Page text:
Frequently Asked Questions
Making the decision to move into senior living can be complicated. If you have questions, it’s likely that others have had the same ones. Review our FAQs for memory care and assisted living below. If your questions aren’t answered, please reach out to our team, so we can help you!
Memory Care FAQs
Are behavioral changes normal with dementia?
When do you know it’s time to move a parent to a Memory Care facility?
- It may be time to consider a move is when you begin to feel stress as a caregiver. It’s common for caregivers to feel overwhelmed in keeping up daily commitments while providing care for their parents or spouse.
- It may be time to move your parent to a memory care facility is when they are no longer safe at home. This includes the possibility of them wandering and not finding their way home, and balance issues which may make them a greater risk for falls.
- A decline in health is another sign that it may be time to consider a move to a memory care community. As memory loss sets in, so does the decline in your loved one’s ability to care for themselves. Often, people with dementia forget to eat, take medications, and care for themselves properly. This can lead to weight loss, neglected personal hygiene, and a hunched over appearance.
- Once an Alzheimer’s or dementia diagnosis has been made, it is important to begin talking with your spouse or parent and looking for a memory care unit that will best meet their needs. While an immediate move may not be necessary, it is helpful to get their input while they may still be part of the decision making process.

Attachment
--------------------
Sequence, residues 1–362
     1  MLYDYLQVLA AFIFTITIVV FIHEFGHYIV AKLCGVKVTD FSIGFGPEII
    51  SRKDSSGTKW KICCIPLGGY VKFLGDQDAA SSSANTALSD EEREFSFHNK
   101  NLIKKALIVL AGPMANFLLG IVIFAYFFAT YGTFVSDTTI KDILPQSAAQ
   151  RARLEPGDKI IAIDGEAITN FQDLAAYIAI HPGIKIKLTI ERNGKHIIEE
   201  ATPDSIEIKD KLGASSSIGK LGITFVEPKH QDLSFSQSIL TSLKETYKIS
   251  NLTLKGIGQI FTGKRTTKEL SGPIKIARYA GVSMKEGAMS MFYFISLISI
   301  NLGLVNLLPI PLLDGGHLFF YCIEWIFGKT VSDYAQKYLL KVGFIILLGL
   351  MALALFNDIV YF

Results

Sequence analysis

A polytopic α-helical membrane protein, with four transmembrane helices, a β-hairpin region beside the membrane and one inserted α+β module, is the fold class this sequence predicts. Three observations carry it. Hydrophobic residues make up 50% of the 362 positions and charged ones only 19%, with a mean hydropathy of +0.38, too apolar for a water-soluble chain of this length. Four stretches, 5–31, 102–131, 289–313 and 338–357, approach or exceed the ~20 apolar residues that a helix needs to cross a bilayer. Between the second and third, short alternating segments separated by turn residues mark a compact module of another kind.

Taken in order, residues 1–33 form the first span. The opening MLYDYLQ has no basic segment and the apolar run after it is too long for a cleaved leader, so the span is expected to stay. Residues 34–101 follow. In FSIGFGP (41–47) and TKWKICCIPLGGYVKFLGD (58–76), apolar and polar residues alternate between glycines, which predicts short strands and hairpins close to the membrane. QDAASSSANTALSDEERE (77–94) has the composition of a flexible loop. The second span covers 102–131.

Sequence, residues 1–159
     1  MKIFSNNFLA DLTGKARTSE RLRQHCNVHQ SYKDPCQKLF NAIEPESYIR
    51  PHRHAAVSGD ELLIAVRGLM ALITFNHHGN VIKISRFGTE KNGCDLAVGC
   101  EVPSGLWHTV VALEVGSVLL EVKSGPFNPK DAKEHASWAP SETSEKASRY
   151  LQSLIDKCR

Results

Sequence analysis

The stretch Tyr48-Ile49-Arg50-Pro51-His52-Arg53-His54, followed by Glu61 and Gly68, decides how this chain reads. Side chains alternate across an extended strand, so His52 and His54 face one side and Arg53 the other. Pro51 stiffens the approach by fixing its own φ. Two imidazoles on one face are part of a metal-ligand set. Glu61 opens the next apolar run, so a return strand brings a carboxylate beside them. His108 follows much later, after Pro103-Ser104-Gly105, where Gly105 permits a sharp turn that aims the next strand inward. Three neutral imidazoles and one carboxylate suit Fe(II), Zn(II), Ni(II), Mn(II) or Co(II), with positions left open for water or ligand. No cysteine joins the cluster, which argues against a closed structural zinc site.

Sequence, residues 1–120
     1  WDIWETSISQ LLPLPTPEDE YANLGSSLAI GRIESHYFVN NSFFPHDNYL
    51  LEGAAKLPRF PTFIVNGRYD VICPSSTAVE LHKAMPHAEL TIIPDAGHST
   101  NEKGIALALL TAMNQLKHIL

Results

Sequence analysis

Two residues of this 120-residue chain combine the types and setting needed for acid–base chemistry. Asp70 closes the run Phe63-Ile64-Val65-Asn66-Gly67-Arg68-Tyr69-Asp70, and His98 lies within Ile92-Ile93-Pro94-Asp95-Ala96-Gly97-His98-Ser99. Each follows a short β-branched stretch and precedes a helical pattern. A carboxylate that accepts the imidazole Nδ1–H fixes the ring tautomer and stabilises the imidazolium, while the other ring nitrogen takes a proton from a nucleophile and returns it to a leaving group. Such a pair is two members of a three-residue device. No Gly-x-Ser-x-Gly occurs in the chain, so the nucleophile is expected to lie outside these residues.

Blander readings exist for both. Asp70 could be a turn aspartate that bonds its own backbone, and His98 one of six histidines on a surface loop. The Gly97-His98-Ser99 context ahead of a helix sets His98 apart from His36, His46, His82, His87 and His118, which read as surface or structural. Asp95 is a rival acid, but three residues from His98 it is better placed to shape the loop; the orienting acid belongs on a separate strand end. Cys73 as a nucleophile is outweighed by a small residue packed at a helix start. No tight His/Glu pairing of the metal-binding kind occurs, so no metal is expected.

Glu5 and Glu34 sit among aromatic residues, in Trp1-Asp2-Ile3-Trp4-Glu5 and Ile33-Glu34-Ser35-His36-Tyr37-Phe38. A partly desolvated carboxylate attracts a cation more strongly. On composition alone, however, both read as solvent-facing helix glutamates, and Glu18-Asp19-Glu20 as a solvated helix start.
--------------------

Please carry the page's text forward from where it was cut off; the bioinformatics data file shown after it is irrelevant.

Studies have shown that it is best to have your loved one move into a memory care community before more dangerous signs and symptoms surface. Additionally, moving to memory care in the earlier stages of the disease may make the transition much easier for all those involved.
What’s the difference between dementia and Alzheimer’s?
Not everyone with dementia has Alzheimer’s disease. Alzheimer’s disease is just one type of dementia. Dementia is a group of symptoms which affect mental cognition such as memory and reasoning. Dementia is not a specific disease, rather an overall term. Symptoms include memory decline, poor judgment, a decreased attention span, decline in communication skills, and can include increased paranoia.
What kind of activities and programs does Grace Pointe have?
How much personal assistance will my parent get?
Does Grace Pointe have private rooms?
Is your staff trained in dementia care?
How long can my loved one stay in Memory Care, and what would precipitate a move to a higher level of care?
Can I take my loved one home for a visit or out for lunch?
How often can I visit?
Should I tell my loved one beforehand if I decide to move them to Memory Care?
Do you provide respite care?
Assisted Living FAQs
Does Grace Pointe have any one bedroom apartments?
Yes, we offer one bedroom apartments. Contact us for availability.
Do you have a wait list?
If my loved one moves to a studio, can they be on a waitlist for a bigger room?
How much does it cost?
What are the lease terms at Grace Pointe?
Will Medicare pay for it? Will insurance pay for it? Will the VA help?
How much care is offered at Grace Pointe?
Do you have levels of care?
Can you stay in assisted living for the rest of your life and add more services?
What activities are offered?
Can we provide our own furniture?
Will someone help my parent find their way around?
Do you provide transportation?
How do I convince a loved one to leave home when they aren’t ready?
What do I have to do to get a resident admitted?
Give Grace Pointe a call and our caring and knowledgable staff will walk through the process with you!